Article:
*n*) =

*pn* and

and the discrete probability distribution of interspike interval times (and rescaled times) is

As in

equation 2, this is merely the product of the probability of no spike for

*n* − 1 bins followed by the probability of a spike in the last (

*n*th) bin. The ’B’ subscript indicates the Bernoulli process.

*P*_{B}(

*n*) is not an exponential distribution, as would be expected for a homogeneous Poisson process. It is a geometric distribution, although in the limit of small p, it reduces to an exponential distribution.

^{4} The CDF of this ISI distribution is easily calculated by summing the geometric series and combining terms.

To finally get the CDF of the rescaled ISIs

*z*,

equation 9 is inverted to get

and substituted into

equation 11.

In we use

equation 12 to generate the KS plot for various spike per bin probabilities

*p*. Even at

*p* = 0.04 which would correspond to 40 Hz firing at 1 msec discretization the CDF is highly non-uniform with a step like structure caused by the discrete values which the rescaled ISIs can take. Such “steps” will be smoothed out if a inhomogeneous Bernoulli process is used instead. (see below) There is, however, another more serious divergence from uniformity, namely

*a distinct positive bias at low (close to 0) rescaled ISIs and a distinct negative bias at high (close to 1) rescaled ISIs*. This bias will not disappear if an inhomogeneous Poisson process is used.

The grey band, which is barely visible, is the 95% confidence region of the KS plot assuming 10 minutes of 40 Hz spiking, which translates into 24000 spikes on average. Since the confidence bounds are so close to the 45 degree line, and will be for any spike train with a long recording time and appreciable firing rate, we introduce a new type of plot in that we term a “Differential KS Plot”. This is simply a plot of the difference between the distribution we hypothesize that the CDF of rescaled times should follow (in this case uniform) and the CDF of the “experimentally recorded” rescaled ISIs (in this case the rescaled ISIs of the Bernoulli process). E.g.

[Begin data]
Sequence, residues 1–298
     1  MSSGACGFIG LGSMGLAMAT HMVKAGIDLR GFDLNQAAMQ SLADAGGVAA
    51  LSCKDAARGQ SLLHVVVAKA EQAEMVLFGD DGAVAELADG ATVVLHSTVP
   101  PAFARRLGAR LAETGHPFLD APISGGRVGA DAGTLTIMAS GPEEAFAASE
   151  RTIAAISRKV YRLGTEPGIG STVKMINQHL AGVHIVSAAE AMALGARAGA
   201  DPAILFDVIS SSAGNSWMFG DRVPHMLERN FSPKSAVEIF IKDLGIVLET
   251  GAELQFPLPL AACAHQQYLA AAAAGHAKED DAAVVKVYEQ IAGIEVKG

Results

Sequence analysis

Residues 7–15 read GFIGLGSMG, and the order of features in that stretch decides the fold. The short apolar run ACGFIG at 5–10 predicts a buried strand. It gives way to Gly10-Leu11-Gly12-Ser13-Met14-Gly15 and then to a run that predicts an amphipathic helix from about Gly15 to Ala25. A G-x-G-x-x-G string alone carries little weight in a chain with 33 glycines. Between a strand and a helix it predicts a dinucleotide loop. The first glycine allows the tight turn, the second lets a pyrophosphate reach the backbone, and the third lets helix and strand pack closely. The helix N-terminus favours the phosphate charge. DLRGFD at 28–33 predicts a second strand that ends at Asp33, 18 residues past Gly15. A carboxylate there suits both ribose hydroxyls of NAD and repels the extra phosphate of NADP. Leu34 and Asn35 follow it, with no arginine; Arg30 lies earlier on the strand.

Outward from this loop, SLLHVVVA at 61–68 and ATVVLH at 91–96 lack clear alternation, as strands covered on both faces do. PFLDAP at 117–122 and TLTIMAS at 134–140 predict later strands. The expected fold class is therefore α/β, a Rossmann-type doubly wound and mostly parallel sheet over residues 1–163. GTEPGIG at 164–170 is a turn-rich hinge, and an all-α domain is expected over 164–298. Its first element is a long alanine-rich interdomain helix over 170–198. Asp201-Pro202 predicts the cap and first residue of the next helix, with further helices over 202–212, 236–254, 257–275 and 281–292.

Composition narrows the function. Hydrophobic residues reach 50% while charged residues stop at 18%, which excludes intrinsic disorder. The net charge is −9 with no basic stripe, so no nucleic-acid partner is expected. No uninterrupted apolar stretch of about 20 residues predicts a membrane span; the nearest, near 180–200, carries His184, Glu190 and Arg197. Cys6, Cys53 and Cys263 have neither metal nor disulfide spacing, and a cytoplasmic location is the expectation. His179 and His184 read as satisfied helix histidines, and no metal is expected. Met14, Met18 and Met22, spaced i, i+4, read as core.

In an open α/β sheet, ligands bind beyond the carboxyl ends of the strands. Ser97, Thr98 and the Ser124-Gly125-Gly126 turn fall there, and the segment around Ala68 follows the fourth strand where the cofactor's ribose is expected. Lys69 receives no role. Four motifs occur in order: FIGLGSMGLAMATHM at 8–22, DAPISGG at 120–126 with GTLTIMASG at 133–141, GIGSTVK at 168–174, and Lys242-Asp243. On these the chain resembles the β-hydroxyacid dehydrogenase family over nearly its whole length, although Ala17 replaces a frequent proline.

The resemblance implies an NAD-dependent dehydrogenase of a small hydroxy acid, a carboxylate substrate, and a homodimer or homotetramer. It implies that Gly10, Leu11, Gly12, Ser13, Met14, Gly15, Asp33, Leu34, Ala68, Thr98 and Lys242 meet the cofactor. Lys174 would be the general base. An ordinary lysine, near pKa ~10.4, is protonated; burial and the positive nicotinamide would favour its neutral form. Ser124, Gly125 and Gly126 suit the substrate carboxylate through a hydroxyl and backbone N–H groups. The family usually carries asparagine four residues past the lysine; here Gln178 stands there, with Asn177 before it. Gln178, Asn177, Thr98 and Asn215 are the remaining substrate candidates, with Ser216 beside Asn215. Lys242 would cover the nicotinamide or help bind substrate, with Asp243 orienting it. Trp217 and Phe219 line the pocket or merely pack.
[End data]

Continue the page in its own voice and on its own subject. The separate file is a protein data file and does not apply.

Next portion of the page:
It should be emphasized that the Differential KS plot displays the same information as the KS plot, but does so in a different and more visually accessible manner. The confidence bounds (horizontal dashed lines) are now simply given by

where

*N* is again the number of rescaled ISIs. Plotted this way one can clearly see the positive bias at low values of the rescaled ISIs and the negative bias at high values of the rescaled ISIs. We emphasize that since these KS and Differential KS plots are calculated using the exact homogeneous Bernoulli distribution, the biases are not finite sampling effects.

The positive bias at low ISIs is easily understood by noting that the smallest possible rescaled time is not zero but

What about the negative bias at large (z close to 1) rescaled ISIs ? Consider a homogeneous Poisson process with a firing rate λ. Upon discretizing time into bins of width Δ one might naively expect the probability of a spike per bin to be

*p* = λΔ. However it is in fact slightly less than this as we now show. Assume that there is a spike at time

*t* = 0. Then for a homogeneous Poisson process the probability density for the waiting time

*t*_{w} until the next spike is ρ(

*t*_{w}) = λ

*e*^{−λtw}. Integrating, the probability that the next spike lies within any interval